HomeEmma Spangler

Emma Spangler


Mentor: Ning Wang, PhD

Institution: UVa-Wise

Current Status: Pikeville College of Medicine

Cancer Resources and Patient Navigation in Southwest Virginia

Cancer is a term used to describe diseases in which abnormal cells uncontrollably divide. There are more than 100 different types of cancer, therefore, cancer is not just one disease but instead many diseases (National Cancer Institute, 2013). According to the American Cancer Society (2012), half of all men and one-third of all women in the United States will develop cancer in their lifetime. Southwest Virginia is known as a cancer health disparity population (National Cancer Institute, 2013). In 2000, the Minority Health and Health Disparities Research and Education Act, also known as United States Public Law 106-525, provided a legal definition of health disparities:
         “A population is a health disparity population if there is a significant disparity in the overall rate of disease incidence, prevalence, morbidity, mortality or survival rates in the population as compared to the health status of the general population.” Minority Health and Health Disparities Research and Education Act United States Public Law 105-525 (2000), p. 2498
Thus, due to the high cancer rates in Southwest Virginia this study examined what resources cancer patients, cancer survivors, caregivers, and their family members find most helpful before, during, and after cancer treatment. It is our hope that this information will be utilized for the training purposes of patient navigators who will guide patients through health care system barriers and facilitate timely access to medical treatment and psychosocial care (National Cancer Institute, 2012).
     Southwest Virginia is located in Central Appalachia. Appalachia spans across portions of thirteen states including New York, Maryland, West Virginia, Virginia, Kentucky, Tennessee, North Carolina, South Carolina, Georgia, Alabama, Pennsylvania, Ohio, and Mississippi. Shockingly, not only Southwest Virginia but all of Appalachia is considered to be a cancer disparity population. Investigations into what makes the Appalachian region a cancer disparity population have been conducted. For example, in 2010 the Appalachia Community Cancer Network released a publication entitled “Addressing the Cancer Burden in Appalachian Communities”. This study proposed that socioeconomic characteristics of Appalachia relate to the increased cancer risk. The socioeconomic characteristics mentioned in this publication include lower incomes, higher poverty rates, lower level of educational attainment, and a slightly higher unemployment rate. This study also showed that the mortality rate in Southwest Virginia was greater than that of the other counties in Virginia. Specifically, on average from 2002-2006 195.3 per 100,000 persons diagnosed with cancer died in Southwest Virginia in comparison to 188.7 per 100,000 persons diagnosed with cancer in other Virginian counties (Fisher, Hill, & Plascack, 2010).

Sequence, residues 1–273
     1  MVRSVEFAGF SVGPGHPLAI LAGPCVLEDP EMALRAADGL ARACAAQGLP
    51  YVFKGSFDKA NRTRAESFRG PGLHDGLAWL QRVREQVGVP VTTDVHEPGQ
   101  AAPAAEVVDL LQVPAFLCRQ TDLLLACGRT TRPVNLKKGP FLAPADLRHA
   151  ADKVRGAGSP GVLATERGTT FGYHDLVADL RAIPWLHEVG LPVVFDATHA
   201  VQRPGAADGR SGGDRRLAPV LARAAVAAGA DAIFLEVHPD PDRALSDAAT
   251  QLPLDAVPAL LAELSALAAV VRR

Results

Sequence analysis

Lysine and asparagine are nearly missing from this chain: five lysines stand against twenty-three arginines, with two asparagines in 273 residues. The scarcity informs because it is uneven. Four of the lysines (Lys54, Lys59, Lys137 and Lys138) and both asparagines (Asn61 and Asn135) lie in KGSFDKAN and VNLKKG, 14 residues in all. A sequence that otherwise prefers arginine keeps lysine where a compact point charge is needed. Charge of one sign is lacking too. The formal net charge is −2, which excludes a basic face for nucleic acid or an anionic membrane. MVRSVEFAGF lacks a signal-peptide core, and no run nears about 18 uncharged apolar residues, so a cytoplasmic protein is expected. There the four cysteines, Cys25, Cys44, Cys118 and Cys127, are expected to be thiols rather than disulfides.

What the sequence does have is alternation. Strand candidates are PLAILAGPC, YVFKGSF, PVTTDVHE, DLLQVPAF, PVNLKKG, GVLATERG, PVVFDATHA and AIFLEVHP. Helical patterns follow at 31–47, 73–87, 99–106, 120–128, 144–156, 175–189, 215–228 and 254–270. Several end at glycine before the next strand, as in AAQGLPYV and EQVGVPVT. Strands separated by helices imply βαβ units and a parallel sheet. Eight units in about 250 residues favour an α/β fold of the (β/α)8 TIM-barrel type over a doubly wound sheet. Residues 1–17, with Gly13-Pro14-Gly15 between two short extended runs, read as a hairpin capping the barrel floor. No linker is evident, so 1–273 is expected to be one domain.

To combat cancer health disparities patient navigation programs are being implemented in Southwest Virginia. Patient navigation programs assist cancer patients with their diagnosis by recognizing and addressing barriers that might impact ones access to health care. According to Freeman et al. (as cited in Hendren et al., 2010) after an abnormal cancer screening 87% of inner-city patients completed the recommended biopsy with patient navigation counseling whereas only 57% did so without navigation. Furthermore, patient navigation also increases communication between cancer patients and their health care providers. This communication is essential for quality care; poor communication could result in the inability of a patient to make informed decisions, cope with their diagnosis, adhere to their treatment, and understand his/her treatment options. Patient navigators can enhance this type of communication by teaching patients how to ask their providers questions that will lead to a greater understanding of their disease and treatment (Hendren et al., 2010).
     The goal of this research was to examine the needs of local cancer patients, caregivers, and their family members. Ultimately, we hope this information will be utilized in the training of cancer patient navigators and will ensure that they are capable of providing the services that Southwest Virginians need.